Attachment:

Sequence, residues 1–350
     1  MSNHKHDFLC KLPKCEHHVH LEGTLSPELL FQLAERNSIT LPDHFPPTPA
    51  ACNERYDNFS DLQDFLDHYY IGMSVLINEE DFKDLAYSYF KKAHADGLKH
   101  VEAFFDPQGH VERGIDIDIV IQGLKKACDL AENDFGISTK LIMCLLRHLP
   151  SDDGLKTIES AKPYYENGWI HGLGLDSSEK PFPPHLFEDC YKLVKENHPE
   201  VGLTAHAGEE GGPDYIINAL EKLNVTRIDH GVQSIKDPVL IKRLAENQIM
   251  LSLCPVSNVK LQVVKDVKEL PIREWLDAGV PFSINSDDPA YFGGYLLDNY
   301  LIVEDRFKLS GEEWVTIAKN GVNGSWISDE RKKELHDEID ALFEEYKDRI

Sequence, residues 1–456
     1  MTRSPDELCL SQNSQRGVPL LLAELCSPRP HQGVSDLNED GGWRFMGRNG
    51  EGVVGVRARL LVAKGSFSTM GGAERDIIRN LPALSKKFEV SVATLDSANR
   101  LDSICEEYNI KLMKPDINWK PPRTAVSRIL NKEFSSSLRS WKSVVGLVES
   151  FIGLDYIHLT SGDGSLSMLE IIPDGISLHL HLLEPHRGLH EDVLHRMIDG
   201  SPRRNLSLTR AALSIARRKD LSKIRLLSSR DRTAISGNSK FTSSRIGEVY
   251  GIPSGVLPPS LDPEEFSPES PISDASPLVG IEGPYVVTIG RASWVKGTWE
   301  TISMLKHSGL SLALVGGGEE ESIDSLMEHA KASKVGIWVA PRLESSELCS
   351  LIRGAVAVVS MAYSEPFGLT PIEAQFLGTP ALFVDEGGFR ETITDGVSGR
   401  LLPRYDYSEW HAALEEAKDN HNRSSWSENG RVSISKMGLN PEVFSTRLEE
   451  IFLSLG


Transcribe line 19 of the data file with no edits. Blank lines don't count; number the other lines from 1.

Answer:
   451  IFLSLG